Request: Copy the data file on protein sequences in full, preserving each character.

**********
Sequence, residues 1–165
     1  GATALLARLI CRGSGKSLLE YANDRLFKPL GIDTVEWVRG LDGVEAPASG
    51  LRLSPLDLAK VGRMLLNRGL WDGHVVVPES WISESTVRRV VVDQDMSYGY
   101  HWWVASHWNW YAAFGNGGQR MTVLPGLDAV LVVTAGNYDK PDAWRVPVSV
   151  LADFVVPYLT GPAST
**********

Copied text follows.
Sequence, residues 1–165
     1  GATALLARLI CRGSGKSLLE YANDRLFKPL GIDTVEWVRG LDGVEAPASG
    51  LRLSPLDLAK VGRMLLNRGL WDGHVVVPES WISESTVRRV VVDQDMSYGY
   101  HWWVASHWNW YAAFGNGGQR MTVLPGLDAV LVVTAGNYDK PDAWRVPVSV
   151  LADFVVPYLT GPAST